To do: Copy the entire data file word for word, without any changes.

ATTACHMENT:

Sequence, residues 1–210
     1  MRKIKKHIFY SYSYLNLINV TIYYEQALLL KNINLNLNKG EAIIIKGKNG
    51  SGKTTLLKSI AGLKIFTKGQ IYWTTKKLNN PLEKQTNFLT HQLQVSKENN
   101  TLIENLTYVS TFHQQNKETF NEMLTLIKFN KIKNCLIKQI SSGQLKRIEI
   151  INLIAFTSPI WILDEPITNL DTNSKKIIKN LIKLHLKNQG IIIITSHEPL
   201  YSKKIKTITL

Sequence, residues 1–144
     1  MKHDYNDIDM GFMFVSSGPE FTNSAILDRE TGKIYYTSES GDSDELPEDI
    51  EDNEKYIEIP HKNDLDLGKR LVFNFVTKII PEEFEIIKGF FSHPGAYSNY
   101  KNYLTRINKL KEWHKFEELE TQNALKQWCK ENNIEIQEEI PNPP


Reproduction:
Sequence, residues 1–210
     1  MRKIKKHIFY SYSYLNLINV TIYYEQALLL KNINLNLNKG EAIIIKGKNG
    51  SGKTTLLKSI AGLKIFTKGQ IYWTTKKLNN PLEKQTNFLT HQLQVSKENN
   101  TLIENLTYVS TFHQQNKETF NEMLTLIKFN KIKNCLIKQI SSGQLKRIEI
   151  INLIAFTSPI WILDEPITNL DTNSKKIIKN LIKLHLKNQG IIIITSHEPL
   201  YSKKIKTITL

Sequence, residues 1–144
     1  MKHDYNDIDM GFMFVSSGPE FTNSAILDRE TGKIYYTSES GDSDELPEDI
    51  EDNEKYIEIP HKNDLDLGKR LVFNFVTKII PEEFEIIKGF FSHPGAYSNY
   101  KNYLTRINKL KEWHKFEELE TQNALKQWCK ENNIEIQEEI PNPP